The ending is really mind blowing! It is actually one of my favorites! That’s the best pat of this book and the reason I will still read the next book. It drives me insane. I love and hate it at the same time. It’s exactly the ending I was expecting. It even affected me more than I thought it could. You will be blown away by the ending and you will beg for the sequel immediately. I want to give this book a round of applause for the utterly mind blowing experience.


Despite the characters’ controversial lives, the truly impressive world-building, and the mind blowing ending, most of the time, everything felt flat. I can recall so many moments where I was so CLOSED to being excited or attached to this book but there’s always something that holds me back. My mind is saying that I should feel curious, excited, giddy, but I just can’t feel anything. Maybe sometimes yes, I can feel a little bit of curiosity or excitement but most of the time, I felt nothing at all. Well, except for the prologue and ending where I felt everything all at once.

Reading a book, the connection between the reader, the characters and the setting is one of the most important things to me. And that’s the worst The Thousandth Floor failed to gave me.

The only thing that held me still and made me finish this book is the curiosity on WHO FELL, HOW DID SHE FELL and WHO/WHAT MADE WHO FELL from the Thousandth Floor. And the ending didn’t disappoint me, it even gave me more than what I imagined, so I’m glad that I held still. Everything is unpredictable, everyone has a secret to keep, everyone has something to protect, and everyone has something to figure out on the next book. All the moments of confusion and irritation where I was so close to giving up and dnf-ing this book were worth it and I will still definitely give this duology a chance.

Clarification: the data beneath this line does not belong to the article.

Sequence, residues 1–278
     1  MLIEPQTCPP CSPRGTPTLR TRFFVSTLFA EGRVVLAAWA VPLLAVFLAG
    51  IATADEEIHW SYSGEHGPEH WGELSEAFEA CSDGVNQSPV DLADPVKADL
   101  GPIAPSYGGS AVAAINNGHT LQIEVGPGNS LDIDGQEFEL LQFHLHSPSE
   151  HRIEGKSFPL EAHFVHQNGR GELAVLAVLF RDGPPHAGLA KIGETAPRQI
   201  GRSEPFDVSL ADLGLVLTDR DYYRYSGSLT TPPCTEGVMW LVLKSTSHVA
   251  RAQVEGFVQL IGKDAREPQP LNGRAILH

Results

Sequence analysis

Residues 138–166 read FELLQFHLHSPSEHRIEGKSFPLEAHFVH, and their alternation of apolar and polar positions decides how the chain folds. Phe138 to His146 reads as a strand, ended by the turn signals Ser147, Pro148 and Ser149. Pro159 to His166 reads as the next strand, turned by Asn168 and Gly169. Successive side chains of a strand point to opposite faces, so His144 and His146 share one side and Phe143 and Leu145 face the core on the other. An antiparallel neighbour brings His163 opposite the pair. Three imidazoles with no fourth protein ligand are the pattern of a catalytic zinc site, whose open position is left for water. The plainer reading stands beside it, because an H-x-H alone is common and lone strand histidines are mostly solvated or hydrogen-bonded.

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Quotable Quotes:

He didn’t know what it was like, wanting something you could never have; how impossible it was to un-want it once you’d let the feeling in.

“Do you ever feel like people think they know you, but they can’t, because they don’t know the most important thing about you?”

“I think it’s best if we end things, before we do any more damage.”

“I promise, if you ever sleep with me, it won’t be because of ‘all this’”—he repeated her words, holding out both hands to indicate the restaurant, Paris, everything—“but because you can’t help yourself. Because of my devastating good looks and crushing wit.”

“Sometimes love and chaos are the same thing,”

“This was all too tangled and screwed up not to end in disaster.”

“It was hope, she realized: a stupid, naive, romantic hope that love could conquer all.”

“Everyone believes in love.”

“I believe in happiness,” Cord said, and there was a look in his eyes that told her he was far away right now, from her, the party, the entire Tower. “I’m just not sure love will actually get you there.”


kffcTbrSKatharine McGee is from Houston, Texas. She studied English and French literature at Princeton and has an MBA from Stanford. It was during her years living in a second-floor apartment in New York City that she kept daydreaming about skyscrapers . . . and then she started writing. The Thousandth Floor is her first novel.

Find her on:


Pre-order here:

Amazon | Barnes & Noble

Disclaimer: Thank you HarperCollins for providing me an advance review copy in exchange of an honest book review via Edelweiss.

Have you read this book? Share your thoughts! 😊